Seattle, WA – The number of catalytic converter thefts in Washington state have jumped 10,024 percent in the past two years.
A total of 42 catalytic converters were reported stolen in the Evergreen State in 2019, KOMO reported.
In 2021, that number surged to 4,252.
Catalytic converters have become a prized target for thieves due to the value of the precious metals they are comprised of, the Fort Worth Star-Telegram reported.
Those metals – rhodium, palladium, and platinum – have risen sharply in price over the past 10 years.
As of last month, an ounce of rhodium was worth more than $15,000, the Fort Worth Star-Telegram reported.
It was worth less than $1,000 just five years ago.
One ounce of palladium is currently going for about $2,000, while an ounce of platinum is valued at nearly $1,000, according to the Fort Worth Star-Telegram.
The surge in catalytic converter thefts is a problem throughout the country – not just in Washington state, KOMO reported.
The number of thefts jumped up 33.5 percent nationwide in just the first four months of 2022 alone.
“This isn’t just a nuisance crime. It’s an epidemic,” Washington State Senator Jeff Wilson (R-19th District) said in a press release, according to KING. “Thousands of Washington residents have been victimized, and the cost to repair a vehicle after tailpipes and sensors have been sawn through can be immense.”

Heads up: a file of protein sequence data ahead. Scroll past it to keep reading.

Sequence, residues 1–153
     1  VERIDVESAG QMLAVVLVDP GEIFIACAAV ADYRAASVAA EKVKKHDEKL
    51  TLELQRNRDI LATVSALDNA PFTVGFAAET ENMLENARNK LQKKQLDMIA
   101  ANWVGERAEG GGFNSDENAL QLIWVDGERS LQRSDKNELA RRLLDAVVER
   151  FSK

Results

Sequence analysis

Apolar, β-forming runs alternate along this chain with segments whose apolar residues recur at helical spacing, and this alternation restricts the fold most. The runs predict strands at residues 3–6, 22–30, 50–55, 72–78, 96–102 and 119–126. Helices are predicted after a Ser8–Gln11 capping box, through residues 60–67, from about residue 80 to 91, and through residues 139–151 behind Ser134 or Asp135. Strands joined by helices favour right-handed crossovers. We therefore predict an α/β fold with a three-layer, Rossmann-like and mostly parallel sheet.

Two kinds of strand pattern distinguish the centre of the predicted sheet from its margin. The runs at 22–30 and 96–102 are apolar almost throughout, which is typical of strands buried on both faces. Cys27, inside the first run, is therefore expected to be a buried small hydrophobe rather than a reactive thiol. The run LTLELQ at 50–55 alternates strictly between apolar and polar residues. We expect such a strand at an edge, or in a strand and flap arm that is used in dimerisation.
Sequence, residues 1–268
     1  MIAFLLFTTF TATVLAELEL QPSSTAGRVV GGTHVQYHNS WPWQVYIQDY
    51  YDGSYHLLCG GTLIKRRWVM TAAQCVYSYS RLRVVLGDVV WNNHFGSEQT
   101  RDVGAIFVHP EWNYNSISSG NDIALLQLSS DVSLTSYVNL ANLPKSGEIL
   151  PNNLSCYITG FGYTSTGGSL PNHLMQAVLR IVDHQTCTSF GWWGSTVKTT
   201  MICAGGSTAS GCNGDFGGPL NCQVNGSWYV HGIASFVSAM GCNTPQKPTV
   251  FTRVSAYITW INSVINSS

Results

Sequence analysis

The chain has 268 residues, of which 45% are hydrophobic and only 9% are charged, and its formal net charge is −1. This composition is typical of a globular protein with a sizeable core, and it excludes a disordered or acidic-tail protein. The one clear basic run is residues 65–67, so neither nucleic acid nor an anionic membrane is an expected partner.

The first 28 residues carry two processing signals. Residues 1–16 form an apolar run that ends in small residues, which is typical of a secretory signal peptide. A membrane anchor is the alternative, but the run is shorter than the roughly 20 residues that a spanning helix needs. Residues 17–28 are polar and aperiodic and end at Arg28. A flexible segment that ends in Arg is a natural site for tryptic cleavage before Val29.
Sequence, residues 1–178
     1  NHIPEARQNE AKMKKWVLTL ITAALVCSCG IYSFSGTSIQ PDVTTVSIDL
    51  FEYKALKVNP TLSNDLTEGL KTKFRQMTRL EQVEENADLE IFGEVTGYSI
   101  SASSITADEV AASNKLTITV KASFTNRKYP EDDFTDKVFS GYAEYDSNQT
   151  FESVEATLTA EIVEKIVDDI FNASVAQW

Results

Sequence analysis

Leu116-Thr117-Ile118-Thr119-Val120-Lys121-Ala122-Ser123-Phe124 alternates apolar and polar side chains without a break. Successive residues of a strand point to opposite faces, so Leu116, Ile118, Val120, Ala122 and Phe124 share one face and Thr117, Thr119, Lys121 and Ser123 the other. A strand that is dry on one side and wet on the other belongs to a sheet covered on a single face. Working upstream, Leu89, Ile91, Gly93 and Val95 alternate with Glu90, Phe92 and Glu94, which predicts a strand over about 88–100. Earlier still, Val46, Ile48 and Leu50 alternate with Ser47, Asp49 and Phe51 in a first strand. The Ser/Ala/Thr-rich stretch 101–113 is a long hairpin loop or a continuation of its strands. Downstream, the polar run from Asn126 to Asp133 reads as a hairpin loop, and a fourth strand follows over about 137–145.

Casey McNerthney, the director of communications for public data company Been Verified, said it is very difficult to prosecute these types of thefts, KOMO reported.
“It takes a lot for officers to find people in the act and to prove a catalytic converter is from a certain vehicle, but when we get these cases, we’re working with police to make sure the charges will stick,” McNerthney said.
In March, Washington Governor Jay Inslee signed off on a new law requiring scrap metal buyers to show records and identification when buying catalytic converters, KOMO reported.
Criminals caught stealing converters could face charges of malicious mischief, theft, or burglary, depending on how police refer the case to the prosecutor’s office.
It is hoped the potential penalties will help deter thieves from targeting the high-value components.
“If you get caught buying a stolen converter, and you’re fined $1000 to $2000 dollars, that would make people buying them say that’s not worth the risk there,” McNerthney told KOMO.